Monday, 25 March 2013

The beginning and the ending of a b&w week in Vienna


Angelo Soliman (Image taken from www.economist.com)

I arrive in Vienna on a Friday night. The taxi driver´s face tells me that his country of origin might be somewhere in the Middle East. He doesn´t speak english, so we can´t talk. A few minutes later he answers a phone call. I hear him speaking turkish. “So, you are from Turkey?”, I ask, when he hangs up. He looks at me surprised through his mirror and asks me (probably): “You understand turkish?”. I tell him “Yunanistan” (Greece, in turkish). He looks at me even more surprised and says: “You?! Yunanistan?!”. And he continues in english: “Me, you, no problem, no problem!”. I smile: “No problem”, I tell him. When we arrive at the hotel, I thank him in turkish. He seems pleased.

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I am in Vienna for a workshop on “Racism and Cultural awareness”, funded by Grundtvig, the European Union programme for lifelong learning. The main trainer is a black woman who seems to be dynamic and very self-confident. The participants come from Bulgaria, Romania, the Czekh Republic, Poland, Germany, Ireland, the Netherlands, UK, Spain and Turkey. Black and white people – or kind of black and kind of white  - many originating from countries other than the one they´re presently residing in, people of different ages and backgrounds, gathered in Vienna to discuss racism

We are asked to talk about our expectations from this workshop. I tell them I expect my views on racism to be challenged, my thinking to go a bit further, because I know that none of us considers him/herself to be racist, yet, we might be surprised.

Later on, we´re given by the trainer a definition of racism: “Racism is discrimination with power in a white dominated society.” I am not comfortable with this definition.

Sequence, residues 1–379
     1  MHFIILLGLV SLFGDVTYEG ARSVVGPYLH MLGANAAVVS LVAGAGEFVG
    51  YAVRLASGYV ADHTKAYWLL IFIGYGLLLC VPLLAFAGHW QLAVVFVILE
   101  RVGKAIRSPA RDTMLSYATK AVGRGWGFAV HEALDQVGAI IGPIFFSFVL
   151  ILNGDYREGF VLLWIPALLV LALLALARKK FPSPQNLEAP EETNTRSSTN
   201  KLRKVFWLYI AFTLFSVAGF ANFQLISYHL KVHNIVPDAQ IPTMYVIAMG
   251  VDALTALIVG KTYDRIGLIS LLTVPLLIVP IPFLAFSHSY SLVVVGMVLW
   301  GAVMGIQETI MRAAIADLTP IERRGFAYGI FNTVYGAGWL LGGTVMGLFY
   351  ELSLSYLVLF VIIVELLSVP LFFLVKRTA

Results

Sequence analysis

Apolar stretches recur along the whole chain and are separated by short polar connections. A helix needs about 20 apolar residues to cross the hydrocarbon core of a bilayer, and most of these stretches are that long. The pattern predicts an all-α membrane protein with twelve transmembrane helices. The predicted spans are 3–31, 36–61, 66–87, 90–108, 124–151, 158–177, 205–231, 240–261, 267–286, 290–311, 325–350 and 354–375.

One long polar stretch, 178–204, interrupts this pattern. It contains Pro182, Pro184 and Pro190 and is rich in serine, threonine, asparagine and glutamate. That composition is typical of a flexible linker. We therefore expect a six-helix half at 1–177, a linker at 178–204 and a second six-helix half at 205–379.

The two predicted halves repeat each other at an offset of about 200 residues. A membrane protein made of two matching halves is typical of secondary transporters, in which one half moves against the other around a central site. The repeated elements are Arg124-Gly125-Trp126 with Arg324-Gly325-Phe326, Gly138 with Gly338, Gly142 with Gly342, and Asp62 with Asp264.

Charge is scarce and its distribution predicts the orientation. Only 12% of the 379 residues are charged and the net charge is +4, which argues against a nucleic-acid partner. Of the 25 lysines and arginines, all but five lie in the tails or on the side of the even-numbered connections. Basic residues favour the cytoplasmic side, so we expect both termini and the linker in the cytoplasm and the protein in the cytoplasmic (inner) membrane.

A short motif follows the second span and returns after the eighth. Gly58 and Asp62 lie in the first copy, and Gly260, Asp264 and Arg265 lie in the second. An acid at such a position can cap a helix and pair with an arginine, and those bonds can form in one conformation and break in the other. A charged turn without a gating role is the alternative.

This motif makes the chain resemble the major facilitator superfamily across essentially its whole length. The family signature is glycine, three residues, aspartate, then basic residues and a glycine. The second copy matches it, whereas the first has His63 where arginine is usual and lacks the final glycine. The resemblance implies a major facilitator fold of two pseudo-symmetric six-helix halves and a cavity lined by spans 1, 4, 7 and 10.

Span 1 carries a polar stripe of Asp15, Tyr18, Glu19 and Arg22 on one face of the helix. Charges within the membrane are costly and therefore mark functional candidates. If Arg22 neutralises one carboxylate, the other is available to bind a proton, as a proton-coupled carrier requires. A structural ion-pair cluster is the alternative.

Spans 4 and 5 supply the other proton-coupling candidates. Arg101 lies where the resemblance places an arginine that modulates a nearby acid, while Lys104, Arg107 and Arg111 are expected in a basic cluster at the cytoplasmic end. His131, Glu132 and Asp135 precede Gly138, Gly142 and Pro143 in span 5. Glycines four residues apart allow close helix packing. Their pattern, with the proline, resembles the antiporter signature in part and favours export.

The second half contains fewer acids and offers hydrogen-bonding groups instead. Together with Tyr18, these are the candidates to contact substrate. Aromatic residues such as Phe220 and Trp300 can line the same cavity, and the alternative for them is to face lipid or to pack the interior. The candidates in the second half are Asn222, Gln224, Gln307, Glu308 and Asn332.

-  “Do you see racism today as something that just white people do to black people?”, I ask.
-  “It´s not me saying it”, the trainer answers, “this is how it´s been defined.”

And at that moment, with this kind of answer, I know that the week ahead of us will be more complicated and less interesting than I had anticipated. But challenging, nevertheless.

There are a number of reasons why this experience left me deeply concerned and disappointed, apart from uncomfortable.

First of all, along the week, we were bombarded with statements (some, actually, being serious historical inaccuracies), rarely, or rather never, referring to any kind of bibliographic source and not supposed to be further discussed: so, we were told that we should forget about the ancient Greek philosophers and their contribution to european and world culture, because they had been seen studying in Egypt (just this, “they had been seen”); that Herodotus described Cleoparta as someone with african traits (how did he do that, if he lived five centuries before her?); that Alexander the Great burnt the library of Timbuktu (actually, I think he went the other way); that doctors today are taking an oath written by an egyptian doctor (mmm... would that be Hippocrates?).

Secondly, there was a determination to hush anyone, white or black, who might attempt to put racism into a contemporary, broader perspective. We were either told that this was not the subject of the workshop or our comments and questions were met with ironic laughs or agressive responses, as our wish for debate was seen as an attempt to minimize the seriousness of white racism against blacks in order to deal with our “white guilt”. The arguments to support this kept coming. In a tour around the city (called “Black Vienna” in the workshop programme), a young black woman - living in Austria since the age of two and an Austrian citizen today – shared her story of entering a play by Tennesse Williams as the maid (typical role reserved for black actors, she said). She felt uncomfortable with the use of the word “nigger” in Williams´s text. She wanted it to be changed (Let´s see: she would be happy to change a text written in the 50s and presenting a story in the american south, where a white - probably racist - character wishing to depreciate a black would maybe use the term ‘african american’ instead of ‘nigger’? And maybe the maid should be interpreted by a white actress? Seriously, is this the way to fight racism?). After this, continuing our city tour, we were also taken to the city park, to be shown the spot where a black youth was seriously beaten by the police (presumably for being black), with the ambulance taking ages to come, the attack resulting in the youth´s death (two weeks before a very similar incident had taken place in Salonika, Greece, where the police didn´t like much the “anarchist” looks of a – white – youth...).